Last edited: Jun 18, 2009
  19. BrownOut

    BrownOut Banned

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    Heh! Maybe I didn't understand his post. I re-read it, and still come away thinking the same thing. Please understand that I live in Alabama, you know, hillbilly country. I have the "global warming is a hoax" argument on nearly a daily bases. :)
     
  20. grainstovesman

    grainstovesman New Member

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    OK Let me put it this way ... don't be afraid of burning ... I mean burning ... wood, biomass or whatever .. as long as it started life as a plant and lived in our lifetime it's ok ... yes it's ok ...
    It's when you load up the atmosphere with all the carbon of millions of years ago that it goes wrong ... it is wrong to burn fossil biomass or fossil fuels .. that stuff should not be burned ... it is the cause ..of all this crap .. we have to find a way to persuade people of that and as long as our economy is based on the black gold we don't have much chance !
     
  21. tcmtech

    tcmtech Well-Known Member Most Helpful Member

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    Thats the part I understand and agree with on the fuel issue. I dont care for the burning of locked carbon fuel sources to any great degree. I totally agree with the short time line method of using whats on the ground all ready.
    If it grew and is part of a continual regrowth cycle its carbon neutral. IF its been buried or sequestered for more than a few centuries we should leave it alone under most circumstances.
    World wide bio mass carbon cycles are easy to tap into and have no real net effect on the climate.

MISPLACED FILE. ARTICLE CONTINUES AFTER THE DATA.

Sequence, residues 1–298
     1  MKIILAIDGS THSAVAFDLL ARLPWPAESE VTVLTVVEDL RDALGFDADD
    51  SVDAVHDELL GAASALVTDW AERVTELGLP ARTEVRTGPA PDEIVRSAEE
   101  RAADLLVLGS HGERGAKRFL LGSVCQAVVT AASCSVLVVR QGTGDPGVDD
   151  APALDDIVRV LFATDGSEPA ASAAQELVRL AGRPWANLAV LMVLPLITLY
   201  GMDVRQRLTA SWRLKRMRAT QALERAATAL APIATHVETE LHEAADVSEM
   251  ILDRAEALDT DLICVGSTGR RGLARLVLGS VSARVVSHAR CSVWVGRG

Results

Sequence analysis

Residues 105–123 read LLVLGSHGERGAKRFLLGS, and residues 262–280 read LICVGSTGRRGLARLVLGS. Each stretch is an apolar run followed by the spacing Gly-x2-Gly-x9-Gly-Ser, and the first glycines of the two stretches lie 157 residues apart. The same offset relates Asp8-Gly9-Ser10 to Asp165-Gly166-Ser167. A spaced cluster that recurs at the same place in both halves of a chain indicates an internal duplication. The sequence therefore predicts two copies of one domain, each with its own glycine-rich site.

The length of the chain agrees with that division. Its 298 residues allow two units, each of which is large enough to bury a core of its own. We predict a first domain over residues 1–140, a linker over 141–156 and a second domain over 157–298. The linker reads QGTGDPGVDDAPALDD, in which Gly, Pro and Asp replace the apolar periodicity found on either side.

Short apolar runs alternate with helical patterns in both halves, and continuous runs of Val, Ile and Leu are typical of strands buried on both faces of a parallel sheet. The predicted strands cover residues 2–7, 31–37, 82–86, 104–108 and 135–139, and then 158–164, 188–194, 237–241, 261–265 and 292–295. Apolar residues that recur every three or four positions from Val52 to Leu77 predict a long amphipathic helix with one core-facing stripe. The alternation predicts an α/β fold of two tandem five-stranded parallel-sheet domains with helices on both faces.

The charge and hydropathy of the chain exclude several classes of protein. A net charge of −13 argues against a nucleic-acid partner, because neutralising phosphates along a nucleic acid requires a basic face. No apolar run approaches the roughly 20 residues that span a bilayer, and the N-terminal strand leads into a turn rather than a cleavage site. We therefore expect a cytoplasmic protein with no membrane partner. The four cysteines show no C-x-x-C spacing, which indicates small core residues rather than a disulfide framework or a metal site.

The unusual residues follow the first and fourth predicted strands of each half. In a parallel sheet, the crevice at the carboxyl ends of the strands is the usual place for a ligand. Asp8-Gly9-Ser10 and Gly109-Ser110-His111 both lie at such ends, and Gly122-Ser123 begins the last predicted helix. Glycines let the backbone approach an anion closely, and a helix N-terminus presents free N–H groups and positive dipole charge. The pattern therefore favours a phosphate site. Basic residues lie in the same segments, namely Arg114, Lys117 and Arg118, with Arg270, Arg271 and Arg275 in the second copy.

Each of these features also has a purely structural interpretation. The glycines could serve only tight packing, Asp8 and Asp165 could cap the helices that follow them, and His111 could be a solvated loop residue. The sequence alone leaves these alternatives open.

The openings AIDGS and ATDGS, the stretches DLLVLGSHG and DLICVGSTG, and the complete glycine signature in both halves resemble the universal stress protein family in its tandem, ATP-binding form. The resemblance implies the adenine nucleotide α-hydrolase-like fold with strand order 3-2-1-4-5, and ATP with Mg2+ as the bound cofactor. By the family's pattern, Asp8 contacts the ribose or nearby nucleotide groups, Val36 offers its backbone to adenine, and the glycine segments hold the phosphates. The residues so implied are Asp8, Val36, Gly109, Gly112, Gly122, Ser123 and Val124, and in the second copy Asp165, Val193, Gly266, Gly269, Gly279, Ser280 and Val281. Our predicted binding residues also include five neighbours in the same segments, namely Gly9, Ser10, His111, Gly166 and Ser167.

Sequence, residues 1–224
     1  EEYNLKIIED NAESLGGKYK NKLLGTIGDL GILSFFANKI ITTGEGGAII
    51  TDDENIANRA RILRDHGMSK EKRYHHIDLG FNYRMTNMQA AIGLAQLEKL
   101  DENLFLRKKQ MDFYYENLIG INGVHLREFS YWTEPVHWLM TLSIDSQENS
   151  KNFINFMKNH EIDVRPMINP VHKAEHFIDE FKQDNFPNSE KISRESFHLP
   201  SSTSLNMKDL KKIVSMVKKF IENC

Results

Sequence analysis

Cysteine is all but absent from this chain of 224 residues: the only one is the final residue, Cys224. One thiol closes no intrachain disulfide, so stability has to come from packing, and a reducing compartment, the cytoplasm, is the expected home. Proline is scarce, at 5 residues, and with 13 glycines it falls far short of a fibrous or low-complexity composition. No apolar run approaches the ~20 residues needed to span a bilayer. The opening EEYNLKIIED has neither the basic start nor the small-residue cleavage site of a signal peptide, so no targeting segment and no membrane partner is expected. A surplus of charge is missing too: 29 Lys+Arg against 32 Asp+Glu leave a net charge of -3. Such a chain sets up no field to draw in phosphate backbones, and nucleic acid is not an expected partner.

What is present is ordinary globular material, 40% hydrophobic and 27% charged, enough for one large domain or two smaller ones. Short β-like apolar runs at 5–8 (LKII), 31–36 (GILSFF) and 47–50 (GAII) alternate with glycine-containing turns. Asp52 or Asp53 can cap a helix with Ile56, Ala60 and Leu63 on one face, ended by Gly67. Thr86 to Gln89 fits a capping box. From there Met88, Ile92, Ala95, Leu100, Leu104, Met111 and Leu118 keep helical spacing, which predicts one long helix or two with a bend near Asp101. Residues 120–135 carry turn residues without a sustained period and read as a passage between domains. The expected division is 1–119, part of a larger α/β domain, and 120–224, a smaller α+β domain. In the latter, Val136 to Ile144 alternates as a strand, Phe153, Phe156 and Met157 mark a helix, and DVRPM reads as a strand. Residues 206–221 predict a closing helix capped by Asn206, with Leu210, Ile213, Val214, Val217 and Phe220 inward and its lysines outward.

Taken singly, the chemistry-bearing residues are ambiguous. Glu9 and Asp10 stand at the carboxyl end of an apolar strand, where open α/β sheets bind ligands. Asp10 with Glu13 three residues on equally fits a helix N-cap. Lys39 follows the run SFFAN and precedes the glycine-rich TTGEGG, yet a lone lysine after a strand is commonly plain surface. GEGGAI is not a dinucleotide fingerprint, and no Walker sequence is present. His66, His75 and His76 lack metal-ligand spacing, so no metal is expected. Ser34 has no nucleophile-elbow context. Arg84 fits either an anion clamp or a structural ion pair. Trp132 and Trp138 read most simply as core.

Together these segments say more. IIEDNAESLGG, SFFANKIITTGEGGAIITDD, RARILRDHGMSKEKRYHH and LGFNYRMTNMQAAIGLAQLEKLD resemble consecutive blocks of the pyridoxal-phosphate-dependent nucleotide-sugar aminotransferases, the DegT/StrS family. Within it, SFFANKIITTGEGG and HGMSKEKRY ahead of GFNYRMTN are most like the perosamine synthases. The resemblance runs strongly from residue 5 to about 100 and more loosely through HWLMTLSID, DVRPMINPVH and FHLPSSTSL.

Should I till under a field and let it decay back into the soil or should I harvest everything above the ground and then process it and get every bit of use and energy out of it before returning the ashes to the field?
    Either way the net energy gets returned to the cycle. I just borrowed some of it for my needs.

    I am planning to do some more alternative fuel testing this winter with my boiler systems. This year I am going to cut and square bail large brush and weed patches we have around the farm and try using them as winter heating fuel sources.
    We cut them down with the rotary mower every year to cleanup the pastures and to keep them from spreading any way so I figure why not bail it, burn it and get something useful from it!

    Seriously $400 a ton! Tell me what size of pellets you want and I will build a processing machine to make bio pellets out of anything that grows and I will deliver in person for far less than that!
    If you want to set up a pellet manufacturing and distribution system with grainstoveman I would gladly do it! We have so much free for the taking bio material in our state its sick!